Grandmas (Especially Teachers) Know Best
by guest blogger Alyssa McDougle
When I was a child, I sometimes spent the weekend with my grandma in her small apartment. Those visits were exciting to me, not only because of the prospect of being “spoiled,” but because they were always filled with simple, special moments—moments of admiring her Delft porcelain plates, inhaling the smell of bacon cooking, hearing her detailed stories of my mom’s childhood, and reading her recommended books.
My grandma had once been a teacher, and as a strong-willed woman unafraid to speak her mind, her command of the classroom might have sometimes intimidated students. But her intention was always to make sure children were getting the best education possible, and this was exactly what she meant for me as well, especially when it came to literature. I had always loved to read, but when I stayed with my grandma, she was able to steer me toward books she knew I might not otherwise have read.
I was seven when she first pushed the old copy of The Secret Garden into my hands. I flipped through the pages excitedly, bypassing the text to look at the art in detail, at its intricate drawings of a country so far away. But my grandma knew exactly how to get me interested in the story. As I looked through the pictures, she talked about the beautiful gardens in my hometown, and the vegetable garden my dad and I had made in my backyard. She pointed to a few pictures of Mary in the garden, and then said things like,“That’s just like you!” At one point she brought out one of her old biscuit tins, and told me these kinds of tins would have held treats for Mary during her time. These insights and sensory moments helped me start to understand what kind of world Mary may have lived in, and made me curious to see what her story had to offer. With gentle but firm insistence, my grandma encouraged me to keep reading, and opened me up to Burnett’s beautiful story.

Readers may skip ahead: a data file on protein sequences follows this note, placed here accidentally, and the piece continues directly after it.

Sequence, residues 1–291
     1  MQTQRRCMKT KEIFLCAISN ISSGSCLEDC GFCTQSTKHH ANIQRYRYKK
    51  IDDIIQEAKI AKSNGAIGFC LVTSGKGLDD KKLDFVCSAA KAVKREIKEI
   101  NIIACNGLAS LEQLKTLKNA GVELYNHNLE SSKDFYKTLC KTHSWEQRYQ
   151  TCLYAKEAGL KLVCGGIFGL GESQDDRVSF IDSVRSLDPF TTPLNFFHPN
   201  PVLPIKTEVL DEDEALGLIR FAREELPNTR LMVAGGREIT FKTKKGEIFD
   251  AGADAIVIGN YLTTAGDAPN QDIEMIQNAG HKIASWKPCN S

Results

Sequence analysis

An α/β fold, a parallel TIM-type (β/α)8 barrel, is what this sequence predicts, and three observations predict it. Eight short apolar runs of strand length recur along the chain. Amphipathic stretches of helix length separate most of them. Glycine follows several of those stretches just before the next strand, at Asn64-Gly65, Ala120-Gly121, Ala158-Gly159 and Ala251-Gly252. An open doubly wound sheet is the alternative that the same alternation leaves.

At first, Mary’s life felt very different from mine, and I could not relate to this rude and entitled English child from the turn of the century. Still, because of my grandmother’s insistence and her examples things Mary and I had in common, I read on. As I sat on my on my grandma’s rough carpet,I began to feel connected to Mary. When she fell in love with the Yorkshire moor and the people who resided there, I did too. When she found the key to the secret garden, my heart beat with excitement. But what struck me the most was the way she changed as she discovered and tended to the garden. Her nature, her love of the people and land, and her understanding of the world all changed as she grew. During one of her moments of realization, she states,
“Sometimes since I’ve been in the garden I’ve looked up through the trees at the sky and I have had a strange feeling of being happy as if something were pushing and drawing in my chest and making me breathe fast. Magic is always pushing and drawing and making things out of nothing. Everything is made out of Magic, leaves and trees, flowers and birds, badgers and foxes and squirrels and people. So it must be all around us. In this garden—in all the places.”
Moments like this, when Mary’s ability to love is nurtured by nature, stayed with me long after that special weekend of reading her story on my grandma’s floor. I began to note that same “pushing and drawing in my chest” when I went in nature. When I looked up at the stars with people I cared about, I understood the warmth and calm I felt as that “Magic” that Mary had defined. She–and my grandma–helped show me that the world can be filled with hidden beauty and goodness.
The lessons stayed as I grew, but the story itself got shelved at the back of my mind, even when I moved to London in my early twenties. The hustle and bustle of that great city, and my schoolwork, new friendships, and cultural explorations, left me hardly any time to myself. Still, every few weekends I would go out to the country, or to areas of nature within the city. My friends would tease me about my disappearances, and I’d always laugh along with them, not sure myself why I needed to go to those places. In the very country Burnett had once brought to life for me, I had forgotten “the Magic” and how to describe that “drawing in” feeling in my chest.
Thank you, Grandma, for encouraging me to read The Secret Garden, and for helping me understand its lifelong lessons.
by guest blogger Alyssa McDougle